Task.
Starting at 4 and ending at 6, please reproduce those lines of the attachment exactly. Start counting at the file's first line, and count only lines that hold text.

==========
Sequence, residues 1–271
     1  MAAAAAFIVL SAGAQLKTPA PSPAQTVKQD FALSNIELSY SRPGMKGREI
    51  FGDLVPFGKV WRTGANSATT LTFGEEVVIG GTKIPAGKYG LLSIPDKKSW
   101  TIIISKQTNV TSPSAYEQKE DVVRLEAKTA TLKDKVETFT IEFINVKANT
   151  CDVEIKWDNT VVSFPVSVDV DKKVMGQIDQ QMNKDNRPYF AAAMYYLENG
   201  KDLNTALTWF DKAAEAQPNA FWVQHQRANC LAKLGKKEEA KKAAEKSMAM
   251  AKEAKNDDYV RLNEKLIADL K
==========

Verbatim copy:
   101  TIIISKQTNV TSPSAYEQKE DVVRLEAKTA TLKDKVETFT IEFINVKANT
   151  CDVEIKWDNT VVSFPVSVDV DKKVMGQIDQ QMNKDNRPYF AAAMYYLENG
   201  KDLNTALTWF DKAAEAQPNA FWVQHQRANC LAKLGKKEEA KKAAEKSMAM